I think about energy a lot. I’m not sure why this is, but often I see little places where energy is being squandered when it should be reclaimable. In general, any time you have something that’s hot, and you don’t want it to be hot, energy is being lost.
Some of this energy can be hard to spot. Take, for example, the fully-loaded truck at the brake-check pullout before going down a long hill. It’s not moving. Its fuel tanks could be almost empty. But it has energy. Lots of it. The driver is checking the truck’s brakes because the truck is about to turn all that energy into heat. If the driver is not careful, that heat could cause brake failure and a very dangerous situation. The driver will inch down the hill, allowing time for brakes to cool and to use the compression of the engine to slow downward progress as well (heating the exhaust).
All that energy, and we treat it like a bad thing. But energy is expensive, even now when we only pay a fraction of its true cost! What we need is a safe way to reclaim the potential energy of the truck, safely and in a useful form.
Introducing TruckGen. TruckGen is a system that uses the truck to turn a generator as it descends. The generator provides resistance to the truck, but rather than turning the energy into heat, turns at least some of it into electricity. (In fact, the generator would have to be able to provide huge resistance to the motion, but that’s OK — that’s where the electricity comes from.) The truck’s brakes are spared, saving wear and tear and making the descent safer, and as a bonus useful power is reclaimed.
I’ve considered several ideas for exactly how this would work; one of my favorites is a chair-lift-like affair with a cable that runs above the road. Descending trucks would attach to the cable with big clamps, and as they descended they would drive a capstan that turned a generator. The cable would have to be quite strong, of course, but if anything went wrong all the trucks would have nice fresh brakes.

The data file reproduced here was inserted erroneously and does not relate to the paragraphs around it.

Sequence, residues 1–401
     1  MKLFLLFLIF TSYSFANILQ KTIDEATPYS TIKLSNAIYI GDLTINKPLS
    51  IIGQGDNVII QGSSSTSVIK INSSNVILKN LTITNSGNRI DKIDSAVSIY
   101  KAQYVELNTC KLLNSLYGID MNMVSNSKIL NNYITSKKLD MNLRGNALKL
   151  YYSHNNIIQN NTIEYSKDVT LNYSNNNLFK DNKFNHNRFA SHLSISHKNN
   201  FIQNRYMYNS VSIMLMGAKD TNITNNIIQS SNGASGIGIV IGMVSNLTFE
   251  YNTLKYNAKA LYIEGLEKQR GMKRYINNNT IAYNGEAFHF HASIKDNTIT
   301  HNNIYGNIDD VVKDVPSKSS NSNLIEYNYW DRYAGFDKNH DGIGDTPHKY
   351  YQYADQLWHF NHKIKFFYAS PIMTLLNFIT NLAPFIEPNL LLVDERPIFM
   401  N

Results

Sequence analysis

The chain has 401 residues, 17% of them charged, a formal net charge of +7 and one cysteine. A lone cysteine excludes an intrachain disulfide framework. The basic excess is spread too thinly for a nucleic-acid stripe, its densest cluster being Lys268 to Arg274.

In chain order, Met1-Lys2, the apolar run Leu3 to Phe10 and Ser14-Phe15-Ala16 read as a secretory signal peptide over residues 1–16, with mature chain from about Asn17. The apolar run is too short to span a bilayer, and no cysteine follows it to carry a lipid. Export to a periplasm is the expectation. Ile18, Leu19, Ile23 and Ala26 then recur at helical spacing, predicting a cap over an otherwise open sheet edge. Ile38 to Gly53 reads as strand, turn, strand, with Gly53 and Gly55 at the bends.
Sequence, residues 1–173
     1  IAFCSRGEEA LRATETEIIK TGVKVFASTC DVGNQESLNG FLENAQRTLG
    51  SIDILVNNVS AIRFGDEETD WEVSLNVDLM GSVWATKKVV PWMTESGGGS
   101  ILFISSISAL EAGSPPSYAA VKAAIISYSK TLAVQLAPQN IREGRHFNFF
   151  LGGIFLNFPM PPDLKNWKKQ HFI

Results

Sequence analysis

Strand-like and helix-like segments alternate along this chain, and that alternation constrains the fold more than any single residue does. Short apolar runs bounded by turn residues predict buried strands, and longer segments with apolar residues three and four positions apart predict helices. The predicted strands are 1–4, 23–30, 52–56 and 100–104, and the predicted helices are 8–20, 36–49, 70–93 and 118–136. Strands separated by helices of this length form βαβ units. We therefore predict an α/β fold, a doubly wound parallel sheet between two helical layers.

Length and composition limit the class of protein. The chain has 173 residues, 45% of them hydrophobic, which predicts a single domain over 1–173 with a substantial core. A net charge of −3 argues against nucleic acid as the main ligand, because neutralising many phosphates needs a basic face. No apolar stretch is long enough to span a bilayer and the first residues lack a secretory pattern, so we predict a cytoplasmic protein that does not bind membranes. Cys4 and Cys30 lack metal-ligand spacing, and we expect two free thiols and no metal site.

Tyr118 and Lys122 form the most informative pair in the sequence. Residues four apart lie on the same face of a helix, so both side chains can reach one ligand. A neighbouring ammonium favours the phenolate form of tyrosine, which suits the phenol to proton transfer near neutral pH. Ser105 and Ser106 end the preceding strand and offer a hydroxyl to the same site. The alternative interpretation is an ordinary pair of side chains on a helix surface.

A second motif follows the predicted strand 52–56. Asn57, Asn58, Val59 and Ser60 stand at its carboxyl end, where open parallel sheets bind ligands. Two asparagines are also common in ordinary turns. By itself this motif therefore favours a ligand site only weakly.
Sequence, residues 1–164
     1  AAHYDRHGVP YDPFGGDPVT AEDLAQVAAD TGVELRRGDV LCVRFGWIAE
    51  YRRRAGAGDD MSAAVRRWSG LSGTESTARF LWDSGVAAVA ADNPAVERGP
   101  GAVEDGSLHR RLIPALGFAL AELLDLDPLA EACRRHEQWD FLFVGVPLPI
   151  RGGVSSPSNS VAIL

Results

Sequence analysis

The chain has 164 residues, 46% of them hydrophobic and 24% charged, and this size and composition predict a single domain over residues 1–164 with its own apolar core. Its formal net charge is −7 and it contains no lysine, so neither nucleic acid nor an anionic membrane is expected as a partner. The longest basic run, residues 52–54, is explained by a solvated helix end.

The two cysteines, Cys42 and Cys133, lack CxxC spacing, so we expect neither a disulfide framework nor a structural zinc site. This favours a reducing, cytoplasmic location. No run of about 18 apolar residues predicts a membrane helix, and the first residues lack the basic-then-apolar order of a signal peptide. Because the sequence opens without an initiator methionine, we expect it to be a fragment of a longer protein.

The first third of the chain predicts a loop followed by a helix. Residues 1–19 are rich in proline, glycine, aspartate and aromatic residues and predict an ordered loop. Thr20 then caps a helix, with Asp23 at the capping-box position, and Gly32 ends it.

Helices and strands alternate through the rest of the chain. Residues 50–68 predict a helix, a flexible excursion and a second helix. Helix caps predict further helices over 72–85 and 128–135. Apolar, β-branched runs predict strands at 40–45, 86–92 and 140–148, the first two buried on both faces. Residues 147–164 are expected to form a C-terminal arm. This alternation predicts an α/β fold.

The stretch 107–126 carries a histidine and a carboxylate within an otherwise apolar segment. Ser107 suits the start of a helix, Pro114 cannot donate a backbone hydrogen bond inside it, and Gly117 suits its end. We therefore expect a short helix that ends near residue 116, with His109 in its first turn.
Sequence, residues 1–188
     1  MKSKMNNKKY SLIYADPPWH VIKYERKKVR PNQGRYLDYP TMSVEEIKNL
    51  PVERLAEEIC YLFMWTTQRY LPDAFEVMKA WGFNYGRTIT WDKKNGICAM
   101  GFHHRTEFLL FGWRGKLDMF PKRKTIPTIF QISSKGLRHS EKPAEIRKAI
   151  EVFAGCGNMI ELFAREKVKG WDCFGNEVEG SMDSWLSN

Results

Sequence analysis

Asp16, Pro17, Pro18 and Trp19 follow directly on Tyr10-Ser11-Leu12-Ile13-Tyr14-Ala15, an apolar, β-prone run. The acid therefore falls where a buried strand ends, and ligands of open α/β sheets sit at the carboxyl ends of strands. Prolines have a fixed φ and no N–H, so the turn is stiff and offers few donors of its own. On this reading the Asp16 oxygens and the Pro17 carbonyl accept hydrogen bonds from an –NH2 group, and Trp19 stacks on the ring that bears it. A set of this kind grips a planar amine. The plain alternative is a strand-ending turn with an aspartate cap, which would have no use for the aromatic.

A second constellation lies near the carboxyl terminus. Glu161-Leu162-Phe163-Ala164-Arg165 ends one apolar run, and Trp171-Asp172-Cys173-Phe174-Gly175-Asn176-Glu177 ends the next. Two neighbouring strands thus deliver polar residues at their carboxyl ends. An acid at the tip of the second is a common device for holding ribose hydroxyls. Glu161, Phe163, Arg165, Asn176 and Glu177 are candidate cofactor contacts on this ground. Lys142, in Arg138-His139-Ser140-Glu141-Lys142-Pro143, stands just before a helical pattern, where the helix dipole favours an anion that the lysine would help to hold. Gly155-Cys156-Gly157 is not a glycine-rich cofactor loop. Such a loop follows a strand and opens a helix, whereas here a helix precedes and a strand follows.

An alternate would be to dispense with the generator and have the uphill trucks attached to the cable as well, and the descending trucks would give them a push. Cutting out the electrical generation makes this system quite efficient. (There would have to be something to prevent some uphill trucks from slacking and forcing other ascending trucks to haul them up as well while they save fuel.) In either case all trucks attached to the cable would move the same speed, improving traffic flow.
If cable strength is a problem (I’m not sure even where to start figuring that out), I imagine an alternate method with a vehicle that latches on to the front of the truck for the descent. It might look something like the tractors that push jets around at an airport, with big tires with good traction (or cogs on a rail?) which would turn a built-in generator. There would be an overhead power line, similar to the ones used to power trains, but in this case they would be receiving the power instead of providing it. The tractors would use some of that electricity to get back to the top of the hill, which cuts into the efficiency of that plan, but the descending trucks would still be a heck of a lot safer.
Next time you see a truck creeping up a steep hill, ask yourself, “what’s going to come of all that work?” With TruckGen, you have the answer.